Lot 1049
  • 1049

WANG HUAIQING | Yuhuchun Vase

12,000,000 - 24,000,000 HKD
14,520,000 HKD
bidding is closed


  • Wang Huaiqing
  • Yuhuchun Vase
  • signed in Chinese
  • oil on canvas
  • 213 by 122 cm; 83 ⅞ by 48 in.
executed in 1999


Christie’s, Hong Kong, 24 May 2008, Lot 191
Acquired directly from the above by the present important private Asian collector


New York, Armory, The Asian Art Exhibition, 2000
Hong Kong, Exchange Square, Traces of Nature – Art of Wang Huai Qing, 2005


Wang Huai Qing, Wang Huai Qing, Beijing, 2004-5, p. 129
Xu Qinghui, Fong Fuk Yan, Wang Tiantian, ed., Wang Huai Qing - Traces of Nature, Yan Gallery Hong Kong, 2005, p. 71
Wang Tiantian, ed., Wang Huaiqing - A Painter's Painter in Contemporary China, Ediciones Polígrafa & Seattle Art Museum, Barcelona, 2010, p. 101

Catalogue Note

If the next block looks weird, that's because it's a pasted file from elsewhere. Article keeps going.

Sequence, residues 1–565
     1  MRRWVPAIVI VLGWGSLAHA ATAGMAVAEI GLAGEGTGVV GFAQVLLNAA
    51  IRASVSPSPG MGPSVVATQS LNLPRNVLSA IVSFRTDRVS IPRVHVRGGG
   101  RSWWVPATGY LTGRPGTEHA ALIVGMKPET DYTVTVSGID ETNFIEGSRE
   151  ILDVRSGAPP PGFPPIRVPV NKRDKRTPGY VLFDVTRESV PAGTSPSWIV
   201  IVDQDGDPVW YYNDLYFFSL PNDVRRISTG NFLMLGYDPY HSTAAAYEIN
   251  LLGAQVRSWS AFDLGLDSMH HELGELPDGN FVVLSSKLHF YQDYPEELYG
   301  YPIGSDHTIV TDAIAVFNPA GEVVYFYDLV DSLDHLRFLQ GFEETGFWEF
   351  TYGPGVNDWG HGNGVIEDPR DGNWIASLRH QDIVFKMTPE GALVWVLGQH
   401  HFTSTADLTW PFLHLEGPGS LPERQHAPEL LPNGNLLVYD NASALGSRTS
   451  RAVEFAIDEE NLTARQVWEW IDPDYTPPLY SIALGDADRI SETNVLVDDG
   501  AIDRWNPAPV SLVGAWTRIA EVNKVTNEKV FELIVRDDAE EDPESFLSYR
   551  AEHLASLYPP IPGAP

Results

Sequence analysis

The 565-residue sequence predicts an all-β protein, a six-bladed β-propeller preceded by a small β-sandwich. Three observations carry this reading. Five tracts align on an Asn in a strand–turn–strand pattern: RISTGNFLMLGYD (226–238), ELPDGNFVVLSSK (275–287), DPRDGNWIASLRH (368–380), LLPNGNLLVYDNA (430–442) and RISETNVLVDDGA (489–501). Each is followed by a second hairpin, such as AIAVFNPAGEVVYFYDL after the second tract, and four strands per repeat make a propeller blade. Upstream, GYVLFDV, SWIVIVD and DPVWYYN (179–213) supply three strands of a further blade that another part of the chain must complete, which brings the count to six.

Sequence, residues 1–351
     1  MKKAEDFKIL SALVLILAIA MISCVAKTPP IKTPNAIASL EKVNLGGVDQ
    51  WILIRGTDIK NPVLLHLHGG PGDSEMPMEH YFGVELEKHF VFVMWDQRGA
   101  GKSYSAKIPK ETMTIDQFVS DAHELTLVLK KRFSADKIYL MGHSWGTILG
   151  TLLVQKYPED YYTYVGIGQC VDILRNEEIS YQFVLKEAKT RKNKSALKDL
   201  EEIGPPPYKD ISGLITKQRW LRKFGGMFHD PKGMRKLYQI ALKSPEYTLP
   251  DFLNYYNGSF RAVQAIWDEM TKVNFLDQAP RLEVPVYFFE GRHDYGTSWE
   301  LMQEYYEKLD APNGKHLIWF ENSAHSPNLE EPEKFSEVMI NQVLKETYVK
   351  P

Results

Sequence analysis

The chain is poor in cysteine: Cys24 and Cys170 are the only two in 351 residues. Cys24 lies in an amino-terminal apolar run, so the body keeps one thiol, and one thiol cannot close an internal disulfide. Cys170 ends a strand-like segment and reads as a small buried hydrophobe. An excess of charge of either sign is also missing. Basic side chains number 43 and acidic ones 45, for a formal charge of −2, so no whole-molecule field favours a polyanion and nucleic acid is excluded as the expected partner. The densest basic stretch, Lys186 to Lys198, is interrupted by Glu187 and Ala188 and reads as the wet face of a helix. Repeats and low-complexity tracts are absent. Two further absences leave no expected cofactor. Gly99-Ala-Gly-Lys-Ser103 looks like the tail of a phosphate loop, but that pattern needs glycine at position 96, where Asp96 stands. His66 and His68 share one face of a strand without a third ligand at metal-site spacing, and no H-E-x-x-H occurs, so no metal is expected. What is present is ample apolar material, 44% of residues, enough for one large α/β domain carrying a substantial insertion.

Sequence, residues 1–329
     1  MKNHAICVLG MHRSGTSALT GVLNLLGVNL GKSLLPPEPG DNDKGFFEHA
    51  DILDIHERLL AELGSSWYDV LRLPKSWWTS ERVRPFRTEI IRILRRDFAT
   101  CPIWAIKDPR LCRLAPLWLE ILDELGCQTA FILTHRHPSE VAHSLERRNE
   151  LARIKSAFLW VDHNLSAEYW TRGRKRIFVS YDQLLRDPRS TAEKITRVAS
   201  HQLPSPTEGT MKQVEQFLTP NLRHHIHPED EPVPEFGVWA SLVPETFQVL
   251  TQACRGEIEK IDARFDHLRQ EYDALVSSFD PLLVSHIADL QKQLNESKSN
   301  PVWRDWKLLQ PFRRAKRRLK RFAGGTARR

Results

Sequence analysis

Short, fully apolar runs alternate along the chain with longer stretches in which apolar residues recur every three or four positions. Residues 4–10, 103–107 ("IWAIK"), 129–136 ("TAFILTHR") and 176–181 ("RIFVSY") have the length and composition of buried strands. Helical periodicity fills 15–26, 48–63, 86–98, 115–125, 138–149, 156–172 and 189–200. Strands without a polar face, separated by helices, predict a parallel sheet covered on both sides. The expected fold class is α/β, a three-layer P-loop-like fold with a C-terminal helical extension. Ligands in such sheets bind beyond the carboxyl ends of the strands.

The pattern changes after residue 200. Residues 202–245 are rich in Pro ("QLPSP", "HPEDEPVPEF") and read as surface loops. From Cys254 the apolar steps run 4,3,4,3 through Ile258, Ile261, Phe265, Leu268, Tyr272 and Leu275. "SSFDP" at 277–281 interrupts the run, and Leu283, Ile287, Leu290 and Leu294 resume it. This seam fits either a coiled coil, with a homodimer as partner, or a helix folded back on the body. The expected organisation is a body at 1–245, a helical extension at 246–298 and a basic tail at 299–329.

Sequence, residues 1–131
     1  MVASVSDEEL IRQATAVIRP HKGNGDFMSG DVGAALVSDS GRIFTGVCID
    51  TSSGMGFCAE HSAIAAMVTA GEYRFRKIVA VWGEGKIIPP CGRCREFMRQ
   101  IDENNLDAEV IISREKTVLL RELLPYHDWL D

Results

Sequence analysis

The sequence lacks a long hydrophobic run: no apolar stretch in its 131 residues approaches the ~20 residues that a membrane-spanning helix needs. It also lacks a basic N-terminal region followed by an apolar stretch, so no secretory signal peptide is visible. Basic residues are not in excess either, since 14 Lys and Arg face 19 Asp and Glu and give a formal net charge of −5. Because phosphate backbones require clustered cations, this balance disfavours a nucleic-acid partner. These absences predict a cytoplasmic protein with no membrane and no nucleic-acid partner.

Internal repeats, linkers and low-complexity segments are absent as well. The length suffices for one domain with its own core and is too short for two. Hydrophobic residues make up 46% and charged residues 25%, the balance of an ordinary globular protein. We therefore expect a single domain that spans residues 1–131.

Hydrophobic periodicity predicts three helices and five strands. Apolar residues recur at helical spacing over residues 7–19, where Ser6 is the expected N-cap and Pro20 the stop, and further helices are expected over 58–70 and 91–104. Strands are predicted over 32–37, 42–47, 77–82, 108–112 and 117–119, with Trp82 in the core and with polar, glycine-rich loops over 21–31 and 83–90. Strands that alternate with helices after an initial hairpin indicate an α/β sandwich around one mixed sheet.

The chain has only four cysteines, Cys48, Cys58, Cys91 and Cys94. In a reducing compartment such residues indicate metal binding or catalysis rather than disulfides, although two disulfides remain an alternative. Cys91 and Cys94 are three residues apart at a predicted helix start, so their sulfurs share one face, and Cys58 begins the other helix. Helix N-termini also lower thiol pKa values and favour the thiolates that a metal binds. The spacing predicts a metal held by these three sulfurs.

Roaming the World in the Peace of Home Modern art almost became extinct in the post-war Mainland China. It was only due to the perseverance of a few masters, such as Wu Guanzhong, that it survived for some three decades until flourishing again after the end of the Cultural Revolution. Led by Wang Huaiqing, the Tongdairen Group was the first unofficial art group to exhibit at the National Art Museum of China in the era of liberalisation. They reignited modern art in the 1980's and gave rise to the '85 New Wave and the subsequent flourishing of contemporary Chinese art. In the 1980's, Wang Huaiqing himself stunned the art world with Bo Le, which cemented his status in China and launched his global career. A graduate of the Central Academy of Arts and Crafts, Wang was trained in Soviet socialist realism but conceptually influenced by Wu Guanzhong's modernism. In the relatively free but artistically conservative 1980's, Wang found the perfect time to express his creativity and boldly forewent his renowned realist style to explore a semi-abstract pictorial language. At the same time, he refused to participate in Cynical Realism and Political Pop, pictorial trends considered pandering to Western taste, and resolutely remained grounded in Chinese traditions. Over time, his persistence earned him worldwide approval. His work has been recognized by various Asian collectors and museums, and was included in the 1988 exhibition China--Five Thousand Years at the Guggenheim Museum in New York as representatives of Chinese oil painting of the 1990's. In 2010, the Seattle Museum of Art mounted a world-class retrospective exhibition of his work, cementing his status as one of the foremost contemporary artists of the world.